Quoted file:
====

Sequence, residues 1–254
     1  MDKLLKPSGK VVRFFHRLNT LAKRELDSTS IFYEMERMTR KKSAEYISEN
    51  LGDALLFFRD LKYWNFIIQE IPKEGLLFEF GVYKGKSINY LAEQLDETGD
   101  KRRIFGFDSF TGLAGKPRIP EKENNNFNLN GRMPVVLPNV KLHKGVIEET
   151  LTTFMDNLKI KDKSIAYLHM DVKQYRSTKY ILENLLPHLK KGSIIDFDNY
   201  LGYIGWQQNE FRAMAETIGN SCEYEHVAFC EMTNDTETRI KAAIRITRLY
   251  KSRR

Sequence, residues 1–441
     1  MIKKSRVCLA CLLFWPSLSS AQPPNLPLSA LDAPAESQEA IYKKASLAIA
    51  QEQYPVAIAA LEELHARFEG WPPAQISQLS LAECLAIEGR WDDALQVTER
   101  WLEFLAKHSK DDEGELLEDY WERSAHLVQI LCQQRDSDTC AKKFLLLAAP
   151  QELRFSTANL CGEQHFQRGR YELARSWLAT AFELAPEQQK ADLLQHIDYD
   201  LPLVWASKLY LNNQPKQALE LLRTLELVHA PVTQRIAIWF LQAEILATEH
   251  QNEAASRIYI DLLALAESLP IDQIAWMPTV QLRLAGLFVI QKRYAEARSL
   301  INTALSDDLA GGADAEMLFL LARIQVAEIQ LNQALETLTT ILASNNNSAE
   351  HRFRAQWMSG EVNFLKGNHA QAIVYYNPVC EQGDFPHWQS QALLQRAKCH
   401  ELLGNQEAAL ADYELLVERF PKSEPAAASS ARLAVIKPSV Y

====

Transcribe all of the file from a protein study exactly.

Sequence, residues 1–254
     1  MDKLLKPSGK VVRFFHRLNT LAKRELDSTS IFYEMERMTR KKSAEYISEN
    51  LGDALLFFRD LKYWNFIIQE IPKEGLLFEF GVYKGKSINY LAEQLDETGD
   101  KRRIFGFDSF TGLAGKPRIP EKENNNFNLN GRMPVVLPNV KLHKGVIEET
   151  LTTFMDNLKI KDKSIAYLHM DVKQYRSTKY ILENLLPHLK KGSIIDFDNY
   201  LGYIGWQQNE FRAMAETIGN SCEYEHVAFC EMTNDTETRI KAAIRITRLY
   251  KSRR

Sequence, residues 1–441
     1  MIKKSRVCLA CLLFWPSLSS AQPPNLPLSA LDAPAESQEA IYKKASLAIA
    51  QEQYPVAIAA LEELHARFEG WPPAQISQLS LAECLAIEGR WDDALQVTER
   101  WLEFLAKHSK DDEGELLEDY WERSAHLVQI LCQQRDSDTC AKKFLLLAAP
   151  QELRFSTANL CGEQHFQRGR YELARSWLAT AFELAPEQQK ADLLQHIDYD
   201  LPLVWASKLY LNNQPKQALE LLRTLELVHA PVTQRIAIWF LQAEILATEH
   251  QNEAASRIYI DLLALAESLP IDQIAWMPTV QLRLAGLFVI QKRYAEARSL
   301  INTALSDDLA GGADAEMLFL LARIQVAEIQ LNQALETLTT ILASNNNSAE
   351  HRFRAQWMSG EVNFLKGNHA QAIVYYNPVC EQGDFPHWQS QALLQRAKCH
   401  ELLGNQEAAL ADYELLVERF PKSEPAAASS ARLAVIKPSV Y